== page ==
We worked in small teams to build our lean-to's. I think it was teams of two. Then we were marked on our creations. That night we got to sleep outside in the lean-to's that we'd made. That was fun! I don't remember being too uncomfortable so my team must have done well. Oh I forgot to mention that somewhere along the line we also learned how to make a fire by rubbing sticks together to get a spark. Forget the flint that they get to use on Survivor, this is the real way to make a fire. I think we were all successful after several attempts.
(Oh look everyone- Matt's fallen asleep. He's got a goofy look on his face. He must be dreaming. those meds have really kicked in!)
The next class trip was really cool. We'd been taking our first-aid course in class and the trip was to be a combination of our first-aid exam and to learn how to rock climb. Now doesn't that sound like a good combination? If anyone injured themselves badly rock climbing, why, we'd all know just what to do. Yeah right.
What we didn't know until we arrived at our location was that our teacher had enlisted some of the members of our senior high school drama class to come along on the trip and play "victims" for our first aid testing. They really did a good job.
They used special effect techniques to make puncture wounds on their arms or hands, had objects sticking out of their legs thanks to special effects make up, blood and gore and so on. It really was fantastic to actually put a donut dressing on a realistic looking 'puncture / foreign object sticking out of body part' type of wound. I've never heard of anyone taking a first aid course that ended with the treating of realistic looking wounds and actors acting out typical - in need of first aid type - situations. I learned so much that weekend on that course, and I often wonder if by having such a realistic course if that was what first got me interested in becoming a nurse.
I'm not going to get into all of the ins and outs of the rock climbing part of that trip. I'd already been rock climbing for years prior to this trip and for me it was pretty basic. Learning how to climb up a fairly easy cliff with basic rock climbing equipment (rope, bolt hangers, carbiners and harnesses). The class had already learned how to create a number of knots that are used for both rock climbing, canoeing and for other applications. We practiced climbing and belaying and we marked on our performances.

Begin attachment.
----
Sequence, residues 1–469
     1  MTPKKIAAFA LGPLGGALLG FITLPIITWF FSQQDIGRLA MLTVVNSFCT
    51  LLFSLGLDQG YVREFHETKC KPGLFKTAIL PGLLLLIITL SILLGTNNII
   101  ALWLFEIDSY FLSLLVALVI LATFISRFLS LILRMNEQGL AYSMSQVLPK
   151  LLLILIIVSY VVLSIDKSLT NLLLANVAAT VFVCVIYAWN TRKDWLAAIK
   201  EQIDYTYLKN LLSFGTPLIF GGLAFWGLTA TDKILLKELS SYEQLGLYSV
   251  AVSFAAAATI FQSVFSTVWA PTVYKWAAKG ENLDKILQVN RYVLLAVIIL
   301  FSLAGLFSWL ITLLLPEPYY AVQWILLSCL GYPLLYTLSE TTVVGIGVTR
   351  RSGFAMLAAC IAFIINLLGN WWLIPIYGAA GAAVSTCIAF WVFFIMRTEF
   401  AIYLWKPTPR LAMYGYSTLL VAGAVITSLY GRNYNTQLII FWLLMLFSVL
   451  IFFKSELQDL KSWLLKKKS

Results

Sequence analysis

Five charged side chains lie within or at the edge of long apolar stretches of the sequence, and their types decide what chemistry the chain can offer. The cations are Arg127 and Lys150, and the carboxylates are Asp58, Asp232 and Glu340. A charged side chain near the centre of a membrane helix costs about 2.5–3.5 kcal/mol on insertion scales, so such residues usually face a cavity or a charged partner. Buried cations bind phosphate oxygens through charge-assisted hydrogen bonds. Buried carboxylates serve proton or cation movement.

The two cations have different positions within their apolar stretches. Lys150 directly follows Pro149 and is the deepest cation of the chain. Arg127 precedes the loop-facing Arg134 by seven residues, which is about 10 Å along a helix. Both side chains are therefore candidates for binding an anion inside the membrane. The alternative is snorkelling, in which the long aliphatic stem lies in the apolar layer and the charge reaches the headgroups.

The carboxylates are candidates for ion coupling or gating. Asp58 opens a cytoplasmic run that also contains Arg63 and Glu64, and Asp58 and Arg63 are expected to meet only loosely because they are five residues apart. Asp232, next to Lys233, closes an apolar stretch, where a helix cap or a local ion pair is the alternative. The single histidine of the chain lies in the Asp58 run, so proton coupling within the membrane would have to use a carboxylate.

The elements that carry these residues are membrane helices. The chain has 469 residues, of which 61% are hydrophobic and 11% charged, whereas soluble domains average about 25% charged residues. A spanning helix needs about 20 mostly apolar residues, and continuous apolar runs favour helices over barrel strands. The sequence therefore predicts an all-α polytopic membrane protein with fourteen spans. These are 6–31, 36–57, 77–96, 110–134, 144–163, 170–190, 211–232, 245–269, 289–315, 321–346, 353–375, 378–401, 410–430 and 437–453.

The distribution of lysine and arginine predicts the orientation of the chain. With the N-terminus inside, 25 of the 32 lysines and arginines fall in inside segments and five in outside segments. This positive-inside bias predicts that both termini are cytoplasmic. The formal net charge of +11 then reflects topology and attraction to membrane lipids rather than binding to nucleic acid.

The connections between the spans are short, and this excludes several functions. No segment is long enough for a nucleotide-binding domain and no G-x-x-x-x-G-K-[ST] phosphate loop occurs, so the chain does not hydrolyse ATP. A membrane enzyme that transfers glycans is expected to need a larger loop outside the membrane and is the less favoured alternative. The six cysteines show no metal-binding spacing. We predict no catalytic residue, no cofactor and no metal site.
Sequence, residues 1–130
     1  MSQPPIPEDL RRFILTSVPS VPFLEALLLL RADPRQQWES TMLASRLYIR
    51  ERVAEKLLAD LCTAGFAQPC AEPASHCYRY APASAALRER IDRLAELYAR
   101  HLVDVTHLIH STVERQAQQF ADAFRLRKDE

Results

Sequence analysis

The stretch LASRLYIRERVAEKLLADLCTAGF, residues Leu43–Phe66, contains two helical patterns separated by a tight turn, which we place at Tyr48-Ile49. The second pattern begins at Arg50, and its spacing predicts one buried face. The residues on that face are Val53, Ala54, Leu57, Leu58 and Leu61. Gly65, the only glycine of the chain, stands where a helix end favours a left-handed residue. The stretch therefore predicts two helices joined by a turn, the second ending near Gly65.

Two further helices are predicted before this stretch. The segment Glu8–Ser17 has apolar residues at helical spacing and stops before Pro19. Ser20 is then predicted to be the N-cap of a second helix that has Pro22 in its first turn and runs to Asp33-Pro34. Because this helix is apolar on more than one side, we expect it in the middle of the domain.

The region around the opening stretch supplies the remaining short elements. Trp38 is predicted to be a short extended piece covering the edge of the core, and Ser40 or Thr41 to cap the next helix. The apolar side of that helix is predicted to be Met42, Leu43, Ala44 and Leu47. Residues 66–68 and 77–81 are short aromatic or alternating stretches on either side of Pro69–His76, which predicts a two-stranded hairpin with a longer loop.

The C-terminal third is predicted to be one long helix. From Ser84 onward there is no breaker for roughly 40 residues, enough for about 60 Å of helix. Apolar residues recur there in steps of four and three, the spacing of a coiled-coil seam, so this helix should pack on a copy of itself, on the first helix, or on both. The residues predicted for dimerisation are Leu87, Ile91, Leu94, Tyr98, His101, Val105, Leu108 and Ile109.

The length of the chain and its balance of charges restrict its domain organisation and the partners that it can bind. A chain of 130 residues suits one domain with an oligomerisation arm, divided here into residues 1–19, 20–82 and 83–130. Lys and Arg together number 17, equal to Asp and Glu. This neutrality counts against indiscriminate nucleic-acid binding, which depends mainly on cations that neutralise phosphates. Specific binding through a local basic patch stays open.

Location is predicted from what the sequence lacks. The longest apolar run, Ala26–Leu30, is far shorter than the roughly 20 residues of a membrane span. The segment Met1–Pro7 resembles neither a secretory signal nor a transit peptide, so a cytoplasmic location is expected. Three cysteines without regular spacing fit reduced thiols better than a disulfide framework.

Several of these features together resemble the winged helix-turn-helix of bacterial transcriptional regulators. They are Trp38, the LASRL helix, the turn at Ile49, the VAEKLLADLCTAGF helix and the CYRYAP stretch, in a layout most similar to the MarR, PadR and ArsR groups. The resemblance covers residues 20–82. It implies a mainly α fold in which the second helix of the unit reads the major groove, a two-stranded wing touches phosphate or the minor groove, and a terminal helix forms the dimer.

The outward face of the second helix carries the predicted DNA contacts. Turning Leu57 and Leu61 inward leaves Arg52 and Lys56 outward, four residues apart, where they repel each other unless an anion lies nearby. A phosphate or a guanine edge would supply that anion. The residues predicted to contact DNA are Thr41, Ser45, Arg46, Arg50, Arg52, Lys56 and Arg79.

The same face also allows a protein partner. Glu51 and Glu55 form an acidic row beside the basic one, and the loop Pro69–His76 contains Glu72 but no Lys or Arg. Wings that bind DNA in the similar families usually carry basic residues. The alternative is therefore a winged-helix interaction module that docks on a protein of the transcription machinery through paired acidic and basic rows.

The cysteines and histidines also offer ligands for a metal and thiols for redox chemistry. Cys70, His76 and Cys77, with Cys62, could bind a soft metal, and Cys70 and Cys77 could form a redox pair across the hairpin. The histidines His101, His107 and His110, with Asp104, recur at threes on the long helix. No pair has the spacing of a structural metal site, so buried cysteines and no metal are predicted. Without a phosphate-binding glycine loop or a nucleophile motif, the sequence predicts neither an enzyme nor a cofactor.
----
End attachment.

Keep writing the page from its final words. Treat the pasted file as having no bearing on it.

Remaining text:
No one ended up injuring themselves so we didn't get to practice our newly acquired first-aid techniques, but I remember seeing some pretty white faces as a few of the kids faced the climb.
The last trip was the most memorable and truly the one that I had meant to talk about during my guest stint here at MTMD.
It was a whitewater canoeing trip! I swear I was born in a canoe. Canoes have been part of my life from the time I was a toddler or perhaps even younger. My very first memory of actually being in a canoe occurred when I was about 2 1/2 years old, and I've been in a canoe every year of my life since then with the exception of the last few years.
Most people probably think of canoeing as being a more sedate activity. Look at all the pictures of a lone canoeist paddling quietly on a calm lake or river. It is peaceful and it can be sedate, but the type of canoeing I enjoy most is canoeing on fast water. Spring and Fall are usually the best seasons to canoe in fast or whitewater since the water levels are higher due to spring run off or autumn rain.
Since this last trip was meant to be a canoeing adventure I ended up being paired with the least experienced teenager in the group. Poor Simon, he had no clue. We set out canoeing in pairs along one of the rivers in the Ottawa Valley region of Ontario. I'm sorry I can't remember which river it was but it was small and fairly tame. I believe it might have been early June when we took this trip so the waters weren't as dangerous as they would have been the month before.
During the first hour or two of our river adventure we were on relatively calm water. The kids that weren't very experienced canoeing got a chance to practice their paddling skills, steering and maneuvering the canoe the way they wanted it to go. We also had to portage across some narrower and shallow areas of the river so that added to the over-all experience. Simon and I were about the same height, but he either wasn't very strong or hadn't mastered how to carry a canoe through the forest because I remember us banging into some trees more than once and the canoe tipping over and unbalancing us a few times.